The Ouija board also known as a spirit board or talking board, is a flat board marked with the letters of the alphabet, the numbers 0-9, the words “yes”, “no”, “hello” (occasionally), and “goodbye”, along with various symbols and graphics. It is a registered trademark of Hasbro Inc.,which markets and distributes the Ouija Board as part of its line of board games. It uses a planchette (small heart-shaped piece of wood) or movable indicator to indicate the spirit’s message by spelling it out on the board during a séance. Participants place their fingers on the planchette and it is moved about the board to spell out words. It has become a trademark that is often used generically to refer to any talking board.
Following its commercial introduction by businessman Elijah Bond on July 1, 1890,the Ouija board was regarded as a harmless parlor game unrelated to the occult until American Spiritualist Pearl Curran popularized its use as a divining tool during World War I.
Mainstream religions and some occultists have associated use of the Ouija board with the threat of demonic possession and some have cautioned their followers not to use Ouija boards.
While Ouija believers feel the paranormal or supernatural is responsible for Ouija’s action, it is parsimoniously explained by unconscious movements of those controlling the pointer, a psychophysiological phenomenon known as the ideomotor effect. Despite being repeatedly debunked by the efforts of the scientific community and denounced as a tool of Satan by conservative Christians, Ouija remains popular among many people.
One of the first mentions of the automatic writing method using in the Ouija board is found in China around 1100 AD, in historical documents of the Song Dynasty. The method was known as fuji 扶乩 “planchette writing”. The use of planchette writing as a means of ostensibly contacting the dead and the spirit-world continued, and, albeit under special rituals and supervisions, was a central practice of the Quanzhen School, until it was forbidden by the Qing Dynasty.Several entire scriptures of the Daozang are supposedly works of automatic planchette writing. Similar methods of mediumistic spirit writing have been widely practiced in ancient India, Greece, Rome, and medieval Europe.
During the late 19th century, planchettes were widely sold as a novelty. The businessmen Elijah Bond and Charles Kennard had the idea to patent a planchette sold with a board on which the alphabet was printed. The patentees filed on May 28, 1890 for patent protection and thus had invented the first Ouija board. Issue date on the patent was February 10, 1891. They received U.S. Patent 446,054. Bond was an attorney and was an inventor of other objects in addition to this device. An employee of Kennard, William Fuld took over the talking board production and in 1901, he started production of his own boards under the name “Ouija”.Kennard claimed he learned the name “Ouija” from using the board and that it was an ancient Egyptian word meaning “good luck.” When Fuld took over production of the boards, he popularized the more widely accepted etymology, that the name came from a combination of the French and German words for “yes”.The Fuld name would become synonymous with the Ouija board, as Fuld reinvented its history, claiming that he himself had invented it. The strange talk about the boards from Fuld’s competitors flooded the market and all these boards enjoyed a heyday from the 1920s through the 1960s. Fuld sued many companies over the “Ouija” name and concept right up until his death in 1927. In 1966, Fuld’s estate sold the entire business to Parker Brothers, which was sold to Hasbro in 1991, and which continues to hold all trademarks and patents. About ten brands of talking boards are sold today under various names.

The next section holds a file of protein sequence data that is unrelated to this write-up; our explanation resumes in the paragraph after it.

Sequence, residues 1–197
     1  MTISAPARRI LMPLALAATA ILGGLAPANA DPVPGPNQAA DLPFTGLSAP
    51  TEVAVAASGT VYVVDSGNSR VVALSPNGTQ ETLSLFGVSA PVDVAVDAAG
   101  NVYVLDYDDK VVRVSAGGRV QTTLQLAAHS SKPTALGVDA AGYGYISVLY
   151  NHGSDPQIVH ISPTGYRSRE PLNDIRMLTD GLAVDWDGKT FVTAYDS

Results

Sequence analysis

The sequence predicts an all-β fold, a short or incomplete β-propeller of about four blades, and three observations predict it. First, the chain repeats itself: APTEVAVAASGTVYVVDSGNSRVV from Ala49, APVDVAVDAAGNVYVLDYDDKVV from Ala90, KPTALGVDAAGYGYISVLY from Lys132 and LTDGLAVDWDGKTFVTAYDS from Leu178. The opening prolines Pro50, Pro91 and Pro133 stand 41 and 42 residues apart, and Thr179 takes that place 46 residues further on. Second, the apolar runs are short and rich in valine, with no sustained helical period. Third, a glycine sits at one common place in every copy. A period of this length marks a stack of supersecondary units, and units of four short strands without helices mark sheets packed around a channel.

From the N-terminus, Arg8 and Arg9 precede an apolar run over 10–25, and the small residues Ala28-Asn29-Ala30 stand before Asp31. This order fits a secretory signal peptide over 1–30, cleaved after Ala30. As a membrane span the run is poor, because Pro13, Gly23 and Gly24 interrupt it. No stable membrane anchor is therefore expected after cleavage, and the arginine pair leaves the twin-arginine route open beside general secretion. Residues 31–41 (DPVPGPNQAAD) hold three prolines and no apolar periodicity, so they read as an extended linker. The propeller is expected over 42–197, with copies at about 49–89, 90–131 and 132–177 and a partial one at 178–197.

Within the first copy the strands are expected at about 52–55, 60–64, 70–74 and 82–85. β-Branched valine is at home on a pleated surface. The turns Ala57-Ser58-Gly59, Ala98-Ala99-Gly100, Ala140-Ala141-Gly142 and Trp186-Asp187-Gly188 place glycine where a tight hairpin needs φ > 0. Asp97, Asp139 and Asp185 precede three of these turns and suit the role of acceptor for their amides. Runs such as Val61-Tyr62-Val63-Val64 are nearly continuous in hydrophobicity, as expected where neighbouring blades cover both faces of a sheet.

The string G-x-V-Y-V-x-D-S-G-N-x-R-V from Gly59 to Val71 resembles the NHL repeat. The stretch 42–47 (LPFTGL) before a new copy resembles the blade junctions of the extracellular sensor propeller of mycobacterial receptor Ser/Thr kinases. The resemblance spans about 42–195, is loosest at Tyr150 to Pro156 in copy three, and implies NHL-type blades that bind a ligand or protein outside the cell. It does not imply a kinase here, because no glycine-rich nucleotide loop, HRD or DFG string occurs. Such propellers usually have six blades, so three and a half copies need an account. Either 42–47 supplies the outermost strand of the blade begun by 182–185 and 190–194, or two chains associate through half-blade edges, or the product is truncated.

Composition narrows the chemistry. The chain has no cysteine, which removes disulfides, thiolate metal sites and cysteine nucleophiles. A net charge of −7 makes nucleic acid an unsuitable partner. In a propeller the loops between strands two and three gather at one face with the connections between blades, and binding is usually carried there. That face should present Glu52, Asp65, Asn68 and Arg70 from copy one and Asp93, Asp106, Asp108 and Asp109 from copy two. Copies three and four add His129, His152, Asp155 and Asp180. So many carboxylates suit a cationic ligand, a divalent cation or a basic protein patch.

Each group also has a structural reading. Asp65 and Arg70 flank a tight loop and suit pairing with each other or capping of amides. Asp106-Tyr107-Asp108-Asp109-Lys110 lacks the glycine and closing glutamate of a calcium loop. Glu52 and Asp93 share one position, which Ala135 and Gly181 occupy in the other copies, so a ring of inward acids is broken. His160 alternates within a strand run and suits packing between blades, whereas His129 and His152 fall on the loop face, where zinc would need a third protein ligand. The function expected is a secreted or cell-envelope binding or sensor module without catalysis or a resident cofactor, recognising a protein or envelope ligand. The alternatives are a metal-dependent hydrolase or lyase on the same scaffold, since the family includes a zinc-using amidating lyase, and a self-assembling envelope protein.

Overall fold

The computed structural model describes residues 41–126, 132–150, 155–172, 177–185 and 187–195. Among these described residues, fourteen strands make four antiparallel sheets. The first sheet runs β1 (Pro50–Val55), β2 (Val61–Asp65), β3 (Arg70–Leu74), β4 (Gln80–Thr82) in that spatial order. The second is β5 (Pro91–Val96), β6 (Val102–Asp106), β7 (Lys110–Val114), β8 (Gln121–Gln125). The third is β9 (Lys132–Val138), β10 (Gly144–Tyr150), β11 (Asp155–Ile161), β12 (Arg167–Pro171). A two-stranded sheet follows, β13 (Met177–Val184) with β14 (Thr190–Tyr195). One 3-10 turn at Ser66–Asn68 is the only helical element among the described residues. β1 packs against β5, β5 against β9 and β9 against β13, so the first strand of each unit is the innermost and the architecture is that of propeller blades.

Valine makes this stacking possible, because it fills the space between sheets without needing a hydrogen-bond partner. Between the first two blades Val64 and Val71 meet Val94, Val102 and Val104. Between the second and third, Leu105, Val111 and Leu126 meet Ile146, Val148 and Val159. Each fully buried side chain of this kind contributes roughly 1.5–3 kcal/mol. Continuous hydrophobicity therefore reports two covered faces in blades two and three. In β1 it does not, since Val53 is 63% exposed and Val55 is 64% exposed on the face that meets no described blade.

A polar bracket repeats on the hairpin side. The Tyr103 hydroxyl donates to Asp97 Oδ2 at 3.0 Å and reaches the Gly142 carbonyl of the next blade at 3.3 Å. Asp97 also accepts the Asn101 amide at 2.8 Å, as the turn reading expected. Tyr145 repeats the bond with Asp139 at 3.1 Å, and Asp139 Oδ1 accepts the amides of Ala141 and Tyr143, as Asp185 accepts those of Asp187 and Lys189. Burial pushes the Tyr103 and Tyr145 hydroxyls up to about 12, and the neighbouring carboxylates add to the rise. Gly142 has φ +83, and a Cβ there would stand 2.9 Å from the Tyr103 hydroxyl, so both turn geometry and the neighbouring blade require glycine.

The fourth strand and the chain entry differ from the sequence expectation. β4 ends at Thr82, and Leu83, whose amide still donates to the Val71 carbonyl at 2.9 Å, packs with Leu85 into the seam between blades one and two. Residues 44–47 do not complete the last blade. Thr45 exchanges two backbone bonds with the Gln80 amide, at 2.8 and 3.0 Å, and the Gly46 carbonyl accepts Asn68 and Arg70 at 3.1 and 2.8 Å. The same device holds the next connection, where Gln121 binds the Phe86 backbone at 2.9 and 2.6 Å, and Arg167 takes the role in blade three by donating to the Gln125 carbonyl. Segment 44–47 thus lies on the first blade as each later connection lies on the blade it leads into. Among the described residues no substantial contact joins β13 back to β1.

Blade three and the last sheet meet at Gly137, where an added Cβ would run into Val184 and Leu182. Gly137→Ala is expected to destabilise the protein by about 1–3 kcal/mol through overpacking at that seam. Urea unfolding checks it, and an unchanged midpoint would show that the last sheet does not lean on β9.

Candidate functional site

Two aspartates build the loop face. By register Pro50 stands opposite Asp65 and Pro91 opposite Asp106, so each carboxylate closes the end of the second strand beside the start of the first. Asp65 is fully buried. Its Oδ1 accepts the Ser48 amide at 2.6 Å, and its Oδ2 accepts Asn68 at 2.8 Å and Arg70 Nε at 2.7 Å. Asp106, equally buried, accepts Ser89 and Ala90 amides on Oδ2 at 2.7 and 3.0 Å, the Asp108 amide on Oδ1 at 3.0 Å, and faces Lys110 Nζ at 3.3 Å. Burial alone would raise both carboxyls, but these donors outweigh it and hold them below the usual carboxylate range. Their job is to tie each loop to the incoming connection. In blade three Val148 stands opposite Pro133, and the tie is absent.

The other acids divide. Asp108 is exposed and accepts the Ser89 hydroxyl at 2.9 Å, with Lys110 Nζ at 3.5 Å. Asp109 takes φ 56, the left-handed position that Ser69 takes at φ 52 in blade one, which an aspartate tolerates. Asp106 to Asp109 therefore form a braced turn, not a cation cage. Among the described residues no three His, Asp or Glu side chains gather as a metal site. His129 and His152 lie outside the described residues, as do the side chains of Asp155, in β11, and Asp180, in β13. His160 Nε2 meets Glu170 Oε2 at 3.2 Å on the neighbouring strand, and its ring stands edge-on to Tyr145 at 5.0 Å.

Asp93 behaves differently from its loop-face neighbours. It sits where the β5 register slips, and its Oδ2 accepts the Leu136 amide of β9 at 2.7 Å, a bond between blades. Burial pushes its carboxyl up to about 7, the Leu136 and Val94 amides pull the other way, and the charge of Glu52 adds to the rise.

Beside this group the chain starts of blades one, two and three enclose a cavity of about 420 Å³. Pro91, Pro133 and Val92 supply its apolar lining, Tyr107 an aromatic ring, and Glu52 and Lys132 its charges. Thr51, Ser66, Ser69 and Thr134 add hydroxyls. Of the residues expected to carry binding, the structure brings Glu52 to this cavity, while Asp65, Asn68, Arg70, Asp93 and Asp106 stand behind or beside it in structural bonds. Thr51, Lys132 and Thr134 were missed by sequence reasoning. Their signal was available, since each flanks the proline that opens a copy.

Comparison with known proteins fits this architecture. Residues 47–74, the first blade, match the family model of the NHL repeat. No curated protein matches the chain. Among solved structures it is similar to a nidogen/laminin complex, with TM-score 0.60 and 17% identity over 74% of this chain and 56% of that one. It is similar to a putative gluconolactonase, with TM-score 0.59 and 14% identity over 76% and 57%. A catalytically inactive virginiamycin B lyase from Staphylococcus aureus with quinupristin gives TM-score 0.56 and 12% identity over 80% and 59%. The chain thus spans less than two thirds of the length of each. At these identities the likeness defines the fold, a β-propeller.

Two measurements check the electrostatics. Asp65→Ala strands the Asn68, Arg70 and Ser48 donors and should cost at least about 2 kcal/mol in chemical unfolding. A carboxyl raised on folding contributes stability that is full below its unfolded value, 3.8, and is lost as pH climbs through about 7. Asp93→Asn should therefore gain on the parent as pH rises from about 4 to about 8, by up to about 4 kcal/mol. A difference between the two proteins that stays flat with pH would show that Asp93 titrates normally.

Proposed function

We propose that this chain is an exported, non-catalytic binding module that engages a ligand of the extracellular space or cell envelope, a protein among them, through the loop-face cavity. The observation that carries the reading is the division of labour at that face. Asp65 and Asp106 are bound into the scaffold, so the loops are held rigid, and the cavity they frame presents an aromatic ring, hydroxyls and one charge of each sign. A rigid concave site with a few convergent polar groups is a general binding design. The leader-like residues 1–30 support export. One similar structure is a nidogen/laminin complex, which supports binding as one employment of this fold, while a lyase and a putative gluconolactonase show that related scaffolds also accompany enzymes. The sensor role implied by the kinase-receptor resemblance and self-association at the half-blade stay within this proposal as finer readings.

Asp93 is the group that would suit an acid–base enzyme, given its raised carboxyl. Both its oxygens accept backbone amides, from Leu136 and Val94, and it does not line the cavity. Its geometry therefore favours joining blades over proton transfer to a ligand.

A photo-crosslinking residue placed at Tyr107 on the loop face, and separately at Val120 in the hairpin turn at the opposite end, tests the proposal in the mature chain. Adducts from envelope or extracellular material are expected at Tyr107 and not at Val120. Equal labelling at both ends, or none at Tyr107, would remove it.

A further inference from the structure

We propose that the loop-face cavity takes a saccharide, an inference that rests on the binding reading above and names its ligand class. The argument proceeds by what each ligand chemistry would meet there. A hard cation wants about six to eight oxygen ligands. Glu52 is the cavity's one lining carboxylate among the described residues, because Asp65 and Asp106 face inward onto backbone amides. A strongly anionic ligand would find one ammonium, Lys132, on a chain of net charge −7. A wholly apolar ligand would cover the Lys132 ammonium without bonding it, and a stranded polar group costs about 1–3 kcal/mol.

Most religious criticism of the Ouija board has come from Christians, primarily evangelicals in the United States. In 2001, Ouija boards were burned in Alamogordo, New Mexico by fundamentalist groups alongside Harry Potter books as “symbols of witchcraft.” Religious criticism has also expressed beliefs that the Ouija board reveals information which should only be on God’s hands, and thus it is a tool of Satan. A spokesperson for Human Life International described the boards as a portal to talk to spirits and called for Hasbro to be prohibited from marketing them.
Bishops in Micronesia called for the boards to be banned and warned congregations that they were talking to demons and devils when using the boards.
Ouija boards have been criticized in the press since their inception; having been variously described as “‘vestigial remains’ of primitive belief-systems” and a con to part fools from their money. Some journalists have described reports of Ouija board findings as ‘half truths’ and have suggested that their inclusion in national newspapers lowers the national discourse overall.
The Ouija phenomenon has been criticized by many scientists as a hoax related to the ideomotor response. Various studies have been produced, recreating the effects of the Ouija board in the lab and showing that, at least under laboratory conditions, the subjects were moving the planchette involuntarily. Detractors have described Ouija board users as ‘operators’. Some critics noted that the messages ostensibly spelled out by spirits were similar to whatever was going through the minds of the subjects.
In the 1970s Ouija board users were also described as “cult members” by sociologists, though this was severely scrutinised in the field.